Sodium chloride (salt)
Saltwater mouthwash, also known as salt rinse, hot saltwater mouth bath, or hot saltwater mouthwash (sometimes abbreviated to "HSWMW"), is made by dissolving 0.5–1 teaspoon of table salt into a cup of water which is as hot as possible without causing discomfort in the mouth.
Saline has a mechanical cleansing action and an antiseptic action, as it is a hypertonic solution in relation to bacteria, which undergo lysis. The heat of the solution produces a therapeutic increase in blood flow (hyperemia) to the surgical site, promoting healing. Hot saltwater mouthwashes also encourage the draining of pus from dental abscesses. In contrast, if heat is applied on the side of the face (e.g., hot water bottle) rather than inside the mouth, it may cause a dental abscess to drain extra-orally, which is later associated with an area of fibrosis on the face (see cutaneous sinus of dental origin).
Gargling with saltwater is said to reduce the symptoms of a sore throat.
Saltwater mouthwashes are also routinely used after oral surgery, to keep food debris out of healing wounds and to prevent infection. Some oral surgeons consider saltwater mouthwashes the mainstay of wound cleanliness after surgery. In dental extractions, hot saltwater mouthbaths should start about 24 hours after a dental extraction. The term mouth bath implies that the liquid is passively held in the mouth, rather than vigorously swilled around (which could dislodge a blood clot). Once the blood clot has stabilized, the mouthwash can be used more vigorously. These mouthwashes tend to be advised for use about 6 times per day, especially after meals (to remove food from the socket).
Sodium lauryl sulfate (foaming agent)
Sodium lauryl sulfate (SLS) is used as a foaming agent in many oral hygiene products, including many mouthwashes. Some may suggest that it is probably advisable to use mouthwash at least an hour after brushing with toothpaste when the toothpaste contains SLS, since the anionic compounds in the SLS toothpaste can deactivate cationic agents present in the mouthwash.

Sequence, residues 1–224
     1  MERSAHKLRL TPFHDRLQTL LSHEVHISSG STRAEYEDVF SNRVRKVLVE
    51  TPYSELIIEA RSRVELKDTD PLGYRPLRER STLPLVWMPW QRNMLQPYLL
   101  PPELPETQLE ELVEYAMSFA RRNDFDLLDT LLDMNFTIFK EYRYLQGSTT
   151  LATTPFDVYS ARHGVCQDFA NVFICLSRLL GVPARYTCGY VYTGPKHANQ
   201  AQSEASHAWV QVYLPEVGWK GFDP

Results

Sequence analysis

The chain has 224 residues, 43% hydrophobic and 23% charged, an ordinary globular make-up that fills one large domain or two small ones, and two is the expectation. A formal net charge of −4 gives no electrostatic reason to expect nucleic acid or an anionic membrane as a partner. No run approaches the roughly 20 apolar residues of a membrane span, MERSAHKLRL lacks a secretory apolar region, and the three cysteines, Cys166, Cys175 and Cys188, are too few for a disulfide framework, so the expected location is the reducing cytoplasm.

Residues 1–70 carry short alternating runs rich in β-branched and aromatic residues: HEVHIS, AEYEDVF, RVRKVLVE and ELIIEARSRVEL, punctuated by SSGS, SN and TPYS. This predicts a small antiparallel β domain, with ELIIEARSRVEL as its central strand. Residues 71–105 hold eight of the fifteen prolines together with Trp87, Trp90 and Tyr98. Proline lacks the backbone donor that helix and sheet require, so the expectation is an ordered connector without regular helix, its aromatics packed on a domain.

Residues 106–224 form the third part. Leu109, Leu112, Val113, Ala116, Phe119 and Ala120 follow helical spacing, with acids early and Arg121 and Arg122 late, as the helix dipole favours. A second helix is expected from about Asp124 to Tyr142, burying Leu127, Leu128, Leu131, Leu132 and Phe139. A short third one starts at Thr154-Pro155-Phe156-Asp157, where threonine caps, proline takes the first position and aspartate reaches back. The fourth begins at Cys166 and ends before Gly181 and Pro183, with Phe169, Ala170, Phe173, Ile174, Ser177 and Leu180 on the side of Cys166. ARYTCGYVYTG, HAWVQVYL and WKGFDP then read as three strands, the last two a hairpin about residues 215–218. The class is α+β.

Sucralfate is a mucosal coating agent, composed of an aluminum salt of sulfated sucrose. It is not recommended for use in the prevention of oral mucositis in head and neck cancer patients receiving radiotherapy or chemoradiation, due to a lack of efficacy found in a well-designed, randomized controlled trial.
Tetracycline is an antibiotic which may sometimes be used as a mouthwash in adults (it causes red staining of teeth in children). It is sometimes use for herpetiforme ulceration (an uncommon type of aphthous stomatitis), but prolonged use may lead to oral candidiasis, as the fungal population of the mouth overgrows in the absence of enough competing bacteria.: 209 Similarly, minocycline mouthwashes of 0.5% concentrations can relieve symptoms of recurrent aphthous stomatitis. Erythromycin is similar.
A 4.8% tranexamic acid solution is sometimes used as an antifibrinolytic mouthwash to prevent bleeding during and after oral surgery in persons with coagulopathies (clotting disorders) or who are taking anticoagulants (blood thinners such as warfarin).: 473
Triclosan is a non-ionic chlorinate bisphenol antiseptic found in some mouthwashes. When used in mouthwash (e.g. 0.03%), there is moderate substantivity, broad spectrum anti-bacterial action, some anti-fungal action, and significant anti-plaque effect, especially when combined with a copolymer or zinc citrate. Triclosan does not cause staining of the teeth. The safety of triclosan has been questioned.